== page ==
These are the defiant apple farmers of England, and they would assort oddly with the returned colonials from Algeria who grow Golden Delicious in the Loire or the hatchet-faced American agri-businessmen behind the success of Gala or Empire apples. Gill was a professional mathematician, Dennis an accountant and the finance director behind Jimmy Goldsmith's grocery empire for many years. Seventeen years ago they decided to get out of London and find Gill a new job. "We thought of starting an art gallery or running a fish farm," she says. "Then one day Dennis said, `I've just seen an orchard for sale.'"

She now has the weatherbeaten eyes and apple cheeks of the born countrywoman. Her five-acre farm, called Crosslanes, is pocket-sized, and spreads from the crest of a gentle hill down into the valley a mile or two beyond the mock Tudor bungalows on the edge of Reading. Traditional farming is precarious here: a bigger farm near the town is soon to become a golf course, and another neighbour has already gone the same way. The orchards further afield in the Chilterns have been turned over to vines.

We walk down the hill through the scent of plum blossom, under an unseasonally warm sun, and near the bottom Gill points out the Ellison's Orange trees ("intense, rich, aromatic... taste of aniseed" is Joan Morgan's description) which were planted here when the orchard was created in 1948. These are trees as laymen glorify the term, with stout trunks and dense masses of branches and twigs, rising to 20 feet; but a pain to prune and pick. Further up the hill are the modern trees that have been developed in the teeth of furious competition: thin, weedy things by comparison, no taller than a man, trained to grow in a flat platform so that the fruit get maximum exposure to sunlight.

School has broken up and the Franklins' children, Sophie (12) and Roger (15), are hard at work. The scene resembles an illustration from a Ladybird book slightly updated: Roger driving a baby tractor and busy keeping the grass down, Sophie writing the names of each newly painted variety in red paint on the posts at the field's edge and Dennis tending the dwarf trees. Inquiries into how much the children get paid were evaded, but usual pickers earn £3 per hour ("better than Tesco's").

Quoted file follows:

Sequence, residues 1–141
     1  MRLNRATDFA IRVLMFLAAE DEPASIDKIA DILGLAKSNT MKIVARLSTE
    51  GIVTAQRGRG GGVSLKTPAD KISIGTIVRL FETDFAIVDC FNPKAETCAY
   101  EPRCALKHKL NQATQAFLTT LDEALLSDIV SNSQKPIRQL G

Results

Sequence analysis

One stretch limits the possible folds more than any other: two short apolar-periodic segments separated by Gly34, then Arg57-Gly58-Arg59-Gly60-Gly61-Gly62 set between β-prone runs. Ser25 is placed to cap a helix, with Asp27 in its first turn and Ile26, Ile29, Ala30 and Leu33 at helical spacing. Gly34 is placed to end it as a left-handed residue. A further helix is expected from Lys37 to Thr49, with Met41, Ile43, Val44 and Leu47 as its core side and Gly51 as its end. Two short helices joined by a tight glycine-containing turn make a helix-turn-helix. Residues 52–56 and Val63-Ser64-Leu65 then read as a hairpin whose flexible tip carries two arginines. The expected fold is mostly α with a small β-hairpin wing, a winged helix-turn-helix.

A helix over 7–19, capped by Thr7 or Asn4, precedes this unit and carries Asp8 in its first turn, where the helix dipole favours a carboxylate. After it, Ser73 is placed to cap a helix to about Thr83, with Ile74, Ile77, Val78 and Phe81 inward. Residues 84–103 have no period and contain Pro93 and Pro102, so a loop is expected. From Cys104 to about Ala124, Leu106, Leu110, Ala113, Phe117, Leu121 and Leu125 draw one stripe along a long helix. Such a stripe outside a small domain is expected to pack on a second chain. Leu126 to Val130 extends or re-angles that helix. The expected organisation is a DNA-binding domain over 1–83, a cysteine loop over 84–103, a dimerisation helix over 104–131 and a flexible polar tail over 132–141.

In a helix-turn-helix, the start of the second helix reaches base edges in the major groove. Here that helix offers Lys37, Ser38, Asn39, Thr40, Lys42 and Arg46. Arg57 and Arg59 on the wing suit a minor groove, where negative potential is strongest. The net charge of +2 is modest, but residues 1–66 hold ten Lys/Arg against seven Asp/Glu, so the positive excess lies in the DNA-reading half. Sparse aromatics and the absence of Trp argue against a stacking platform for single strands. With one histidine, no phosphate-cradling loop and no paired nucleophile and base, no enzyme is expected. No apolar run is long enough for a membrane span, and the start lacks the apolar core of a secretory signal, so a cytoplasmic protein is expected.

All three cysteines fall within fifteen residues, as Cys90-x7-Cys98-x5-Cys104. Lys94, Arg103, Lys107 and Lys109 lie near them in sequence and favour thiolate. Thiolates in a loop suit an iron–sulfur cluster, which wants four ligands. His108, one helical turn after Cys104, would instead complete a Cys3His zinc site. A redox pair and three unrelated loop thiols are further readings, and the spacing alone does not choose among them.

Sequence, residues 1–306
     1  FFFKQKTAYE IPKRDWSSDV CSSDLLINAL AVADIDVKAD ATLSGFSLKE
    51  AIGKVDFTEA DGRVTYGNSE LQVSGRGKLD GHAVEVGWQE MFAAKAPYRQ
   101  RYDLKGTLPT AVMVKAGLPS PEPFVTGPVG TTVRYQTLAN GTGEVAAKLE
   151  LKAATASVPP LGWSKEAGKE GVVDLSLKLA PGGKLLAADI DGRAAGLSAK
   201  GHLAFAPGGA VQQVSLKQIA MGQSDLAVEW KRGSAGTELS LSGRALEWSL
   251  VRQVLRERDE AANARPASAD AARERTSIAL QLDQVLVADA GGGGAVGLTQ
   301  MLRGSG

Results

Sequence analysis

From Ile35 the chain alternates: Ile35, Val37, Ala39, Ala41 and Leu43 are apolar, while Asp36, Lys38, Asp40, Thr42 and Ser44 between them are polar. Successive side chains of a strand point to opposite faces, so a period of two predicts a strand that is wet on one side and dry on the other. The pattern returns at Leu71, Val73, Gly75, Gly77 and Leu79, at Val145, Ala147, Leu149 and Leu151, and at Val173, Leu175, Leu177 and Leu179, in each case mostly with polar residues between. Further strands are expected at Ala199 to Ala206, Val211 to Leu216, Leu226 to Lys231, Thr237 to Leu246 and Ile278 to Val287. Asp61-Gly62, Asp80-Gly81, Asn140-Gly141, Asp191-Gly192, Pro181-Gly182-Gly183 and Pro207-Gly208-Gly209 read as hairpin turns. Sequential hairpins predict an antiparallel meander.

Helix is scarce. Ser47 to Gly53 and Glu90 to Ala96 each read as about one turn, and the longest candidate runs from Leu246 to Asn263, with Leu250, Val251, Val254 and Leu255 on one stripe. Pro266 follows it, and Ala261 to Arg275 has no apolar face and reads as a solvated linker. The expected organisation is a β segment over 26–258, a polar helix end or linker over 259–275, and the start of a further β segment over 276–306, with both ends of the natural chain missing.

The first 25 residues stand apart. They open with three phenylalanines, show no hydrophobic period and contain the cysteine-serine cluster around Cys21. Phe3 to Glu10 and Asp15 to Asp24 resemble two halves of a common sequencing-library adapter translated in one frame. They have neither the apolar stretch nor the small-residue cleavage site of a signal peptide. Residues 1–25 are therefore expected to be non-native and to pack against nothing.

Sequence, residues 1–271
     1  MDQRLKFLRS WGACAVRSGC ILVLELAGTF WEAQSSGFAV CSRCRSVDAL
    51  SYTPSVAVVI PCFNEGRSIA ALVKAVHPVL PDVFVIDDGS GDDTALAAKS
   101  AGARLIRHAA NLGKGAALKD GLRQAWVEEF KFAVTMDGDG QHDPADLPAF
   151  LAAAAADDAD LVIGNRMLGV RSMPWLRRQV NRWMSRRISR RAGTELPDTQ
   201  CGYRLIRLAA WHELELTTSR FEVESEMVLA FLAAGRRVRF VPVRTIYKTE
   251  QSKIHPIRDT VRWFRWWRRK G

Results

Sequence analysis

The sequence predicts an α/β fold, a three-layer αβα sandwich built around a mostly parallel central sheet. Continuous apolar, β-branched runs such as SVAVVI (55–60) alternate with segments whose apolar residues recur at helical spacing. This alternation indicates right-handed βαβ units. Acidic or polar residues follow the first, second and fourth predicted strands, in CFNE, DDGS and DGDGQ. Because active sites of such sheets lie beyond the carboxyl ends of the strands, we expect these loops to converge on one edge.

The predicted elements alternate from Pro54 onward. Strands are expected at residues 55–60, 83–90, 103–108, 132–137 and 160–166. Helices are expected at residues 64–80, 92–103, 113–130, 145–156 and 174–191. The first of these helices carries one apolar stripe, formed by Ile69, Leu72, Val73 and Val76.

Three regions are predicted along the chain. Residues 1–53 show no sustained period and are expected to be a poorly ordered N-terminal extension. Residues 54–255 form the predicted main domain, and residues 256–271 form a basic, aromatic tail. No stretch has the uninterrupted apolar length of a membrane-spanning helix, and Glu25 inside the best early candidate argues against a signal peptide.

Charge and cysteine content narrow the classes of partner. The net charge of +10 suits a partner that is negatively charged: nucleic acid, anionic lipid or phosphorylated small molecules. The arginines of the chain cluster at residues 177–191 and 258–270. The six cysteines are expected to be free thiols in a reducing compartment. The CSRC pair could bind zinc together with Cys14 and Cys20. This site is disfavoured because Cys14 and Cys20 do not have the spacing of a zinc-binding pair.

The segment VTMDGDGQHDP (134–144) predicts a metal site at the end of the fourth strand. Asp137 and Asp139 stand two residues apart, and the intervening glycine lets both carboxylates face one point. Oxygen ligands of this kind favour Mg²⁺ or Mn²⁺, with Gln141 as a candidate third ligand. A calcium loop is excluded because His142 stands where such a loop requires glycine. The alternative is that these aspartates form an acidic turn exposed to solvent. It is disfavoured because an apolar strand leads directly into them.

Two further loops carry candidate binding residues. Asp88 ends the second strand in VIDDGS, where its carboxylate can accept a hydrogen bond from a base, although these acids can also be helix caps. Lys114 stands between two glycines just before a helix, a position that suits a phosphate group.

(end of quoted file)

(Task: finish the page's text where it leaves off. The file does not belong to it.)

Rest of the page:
All the Franklins' produce is sold in the farm shop. Their operation is not big enough for the highly demanding supermarket trade. But, by dint of strewing their signboards around the highways and byways, advertising in the local papers, and lecturing at the WI and the like, Gill secures a steady stream of loyal and adventurous customers between August and December. The supermarkets concentrate on a handful of varieties; Gill offers as wide a choice as possible. "We always let customers taste everything," she says, which includes such grand old varieties as Egremont Russet, Blenheim Orange and Ribston Pippin.

Years of struggling to make the little orchard pay have given Gill Franklin strong views about imported fruit. Sophie says, "Mum goes up to total strangers in the supermarket and says, `Why don't you buy English apples?' I just pretend I don't know her." "I've got a bee in my bonnet about this," agrees her mother. "It's happening with everything in England. We must grow what we can in this country instead of importing it. Otherwise, we're at the mercy of other countries who can charge what they like, and the prices will rocket. You've got to motivate people into asking for English apples."

The question arises, why should this be necessary, when horticultural chauvinism seems to come so naturally to the French, the Spanish, the Italians?

A hundred and twenty years ago, English apples suffered the first assault from imports. Just as demand for fresh fruit among the middle classes was burgeoning, shiploads of apples from France, Canada and America began pouring into the shops to meet it. "Go where you will," reported a gardening journal of the 1880s, "American apples are in the shop windows. The unattractive-looking, crab-like produce of the home orchards is driven out by the cherry-bright, clear skins and good-looking proportions of the red Baldwins and Northern Spy..."